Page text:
Anne Rowland displays one of her photographic works that were installed in Arlington’s “Art on the ART Bus” program in July. Curator Cynthia Connolly is at right. (Mark Jenkins/Mark Jenkins)

Arlington might not be quite as photogenic as the city across the Potomac, but two of the area's best art photographers have made striking vistas of the county's suburban landscape. Frank Hallam Day and Anne Rowland will discuss their Arlington-commissioned projects Tuesday at 6 p.m. in the lobby of Courthouse Plaza, where some of the photos will be displayed.

Both artists' photos have been visible for a while, if not in the most accessible places. Five of Day's ghostly nighttime views of Rosslyn are permanently installed in Courthouse Plaza's first-floor conference rooms, and Rowland's 15-photo tour of Arlington's Potomac shoreline is partway through a year-long trip on one of the rolling galleries dubbed "Art on the ART Bus." (The Arlington Transit vehicle will stop in front of the building for a peek Tuesday at 6:39 and 7:49 p.m.)

It's fitting that Rowland's pictures have been in motion since July, because they began on a boat. The photographer took to the Potomac in the spring, shooting the waterfront with an iPhone and a point-and-shoot camera attached to a 20-foot bamboo pole. (This means the pictures hail from the District, because the river itself is not in Virginia.) The finished panoramas were "constructed" — that's Rowland's term — from multiple frames with photo-editing software.

Rowland is not a documentary photographer, and she acknowledges the influence of Romantic-period painting on her style. Her Potomac pictures don't entirely exclude the modern: Airplanes fly overhead, and graffiti garnishes a bridge. But anyone who encounters the photos on the ART bus will find a pastoral vision quite unlike what they can see out the window.

Day makes pictures that imbue the everyday with vivid strangeness. This is true of both his Rosslyn photos and his current Addison/Ripley Fine Art show, "Please Pay Here." His recent work promises a more casual approach. Day no longer uses "big serious gear," he writes, and most of these prints are smaller than his usual ones. But they're still eerie, with a film-noir vibe that comes from shooting after dark and through streaky glass, scratched plastic or various sorts of water vapor.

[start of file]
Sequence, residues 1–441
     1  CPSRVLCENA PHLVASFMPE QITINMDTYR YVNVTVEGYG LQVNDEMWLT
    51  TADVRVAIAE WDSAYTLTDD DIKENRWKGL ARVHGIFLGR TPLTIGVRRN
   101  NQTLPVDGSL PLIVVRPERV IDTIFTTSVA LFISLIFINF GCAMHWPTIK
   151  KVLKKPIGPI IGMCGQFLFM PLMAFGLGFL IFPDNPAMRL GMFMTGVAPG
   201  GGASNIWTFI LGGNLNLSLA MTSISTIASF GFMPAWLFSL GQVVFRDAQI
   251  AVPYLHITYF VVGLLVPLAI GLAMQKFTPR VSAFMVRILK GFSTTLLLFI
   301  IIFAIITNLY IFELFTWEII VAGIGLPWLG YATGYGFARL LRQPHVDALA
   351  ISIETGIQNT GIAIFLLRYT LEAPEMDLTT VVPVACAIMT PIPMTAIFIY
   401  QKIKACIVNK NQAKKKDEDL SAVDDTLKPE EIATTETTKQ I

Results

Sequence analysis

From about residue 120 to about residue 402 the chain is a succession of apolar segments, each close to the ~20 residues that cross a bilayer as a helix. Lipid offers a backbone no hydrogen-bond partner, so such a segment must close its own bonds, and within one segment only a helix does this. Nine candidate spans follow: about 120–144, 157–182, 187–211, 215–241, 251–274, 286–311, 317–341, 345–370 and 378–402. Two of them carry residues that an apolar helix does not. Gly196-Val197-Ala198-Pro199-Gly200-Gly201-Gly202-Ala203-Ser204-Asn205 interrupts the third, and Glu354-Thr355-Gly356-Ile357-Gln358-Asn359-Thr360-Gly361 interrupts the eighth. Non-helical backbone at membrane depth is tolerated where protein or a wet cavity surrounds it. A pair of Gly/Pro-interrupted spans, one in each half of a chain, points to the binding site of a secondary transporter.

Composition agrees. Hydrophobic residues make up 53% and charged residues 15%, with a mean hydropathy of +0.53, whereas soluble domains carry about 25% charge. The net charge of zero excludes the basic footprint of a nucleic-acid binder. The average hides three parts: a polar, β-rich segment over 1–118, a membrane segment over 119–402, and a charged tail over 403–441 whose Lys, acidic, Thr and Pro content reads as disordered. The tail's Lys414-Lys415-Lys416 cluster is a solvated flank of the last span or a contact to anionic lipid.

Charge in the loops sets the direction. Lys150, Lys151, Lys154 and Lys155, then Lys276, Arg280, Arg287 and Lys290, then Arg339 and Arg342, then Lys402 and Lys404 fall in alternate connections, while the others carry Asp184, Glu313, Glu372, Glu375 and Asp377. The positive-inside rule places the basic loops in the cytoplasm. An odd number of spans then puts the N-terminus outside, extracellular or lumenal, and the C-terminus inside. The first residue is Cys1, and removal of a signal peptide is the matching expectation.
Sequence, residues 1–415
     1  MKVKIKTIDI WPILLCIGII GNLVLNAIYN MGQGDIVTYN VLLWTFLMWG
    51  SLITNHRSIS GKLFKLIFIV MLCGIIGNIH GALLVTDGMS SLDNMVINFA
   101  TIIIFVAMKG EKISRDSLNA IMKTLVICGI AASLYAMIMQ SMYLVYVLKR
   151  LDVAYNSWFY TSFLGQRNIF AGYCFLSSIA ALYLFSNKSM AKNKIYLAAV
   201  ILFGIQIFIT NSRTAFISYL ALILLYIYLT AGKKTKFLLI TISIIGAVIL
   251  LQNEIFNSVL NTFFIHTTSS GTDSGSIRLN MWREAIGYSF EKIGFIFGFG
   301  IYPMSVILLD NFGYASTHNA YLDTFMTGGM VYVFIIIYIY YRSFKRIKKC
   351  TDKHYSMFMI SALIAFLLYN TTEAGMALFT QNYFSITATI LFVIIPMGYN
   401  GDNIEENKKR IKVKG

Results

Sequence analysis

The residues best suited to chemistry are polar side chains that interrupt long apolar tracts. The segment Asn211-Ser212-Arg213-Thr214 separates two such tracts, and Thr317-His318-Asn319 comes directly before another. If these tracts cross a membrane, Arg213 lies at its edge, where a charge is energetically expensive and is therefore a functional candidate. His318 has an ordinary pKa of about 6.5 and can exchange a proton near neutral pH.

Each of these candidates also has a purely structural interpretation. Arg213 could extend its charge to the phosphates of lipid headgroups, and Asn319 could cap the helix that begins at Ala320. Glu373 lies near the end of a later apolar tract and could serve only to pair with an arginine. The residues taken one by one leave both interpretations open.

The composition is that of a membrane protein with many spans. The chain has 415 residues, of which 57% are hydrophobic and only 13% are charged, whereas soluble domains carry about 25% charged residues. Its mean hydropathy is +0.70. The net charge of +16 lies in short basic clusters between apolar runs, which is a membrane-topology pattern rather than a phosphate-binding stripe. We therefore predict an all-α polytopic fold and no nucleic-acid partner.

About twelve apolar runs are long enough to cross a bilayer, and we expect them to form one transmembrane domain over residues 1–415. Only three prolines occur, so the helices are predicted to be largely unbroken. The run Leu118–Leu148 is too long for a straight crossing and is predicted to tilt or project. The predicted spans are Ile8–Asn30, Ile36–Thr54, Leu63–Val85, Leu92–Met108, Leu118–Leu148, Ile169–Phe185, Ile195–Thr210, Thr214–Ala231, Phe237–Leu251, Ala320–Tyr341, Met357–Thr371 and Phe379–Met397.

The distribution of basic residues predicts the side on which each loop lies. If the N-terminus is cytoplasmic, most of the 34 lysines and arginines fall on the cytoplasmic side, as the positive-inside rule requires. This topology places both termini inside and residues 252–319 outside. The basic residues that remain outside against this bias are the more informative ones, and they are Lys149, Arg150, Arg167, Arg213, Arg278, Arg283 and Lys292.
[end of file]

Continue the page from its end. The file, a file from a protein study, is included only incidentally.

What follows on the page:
A world traveler, Day often focuses on humid, neon-smeared Asian scenes. This selection includes glances at Bali, Bangkok and Singapore, but also Berlin, Sudan and New York. Multiple layers and surfaces are typical of the pictures, which gaze through as well as at. Some benefit from exotic locations, but Day can find the uncanny in things as commonplace as an elevator button, glowing red as though beckoning to another dimension.

Through the Lens of Frank Hallam Day and Anne Rowland: Two Photographers' Perspectives of Arlington Through Jan. 31 at Arlington Courthouse Plaza, 2100 Clarendon Blvd., Arlington, and through summer 2018 on Art on the ART Bus. publicart.arlingtonva.us.Frank Hallam Day: Please Pay Here Through Dec. 2 at Addison/Ripley Fine Art, 1670 Wisconsin Ave. NW. 202-338-5180. addisonripleyfineart.com.


One of Bridget Sue Lambert’s photo tableaux, on view at Civilian Art Projects. (Courtesy of Bridget Sue Lambert and Civilian Art Projects/Courtesy of Bridget Sue Lambert and Civilian Art Projects)
Bridget Sue Lambert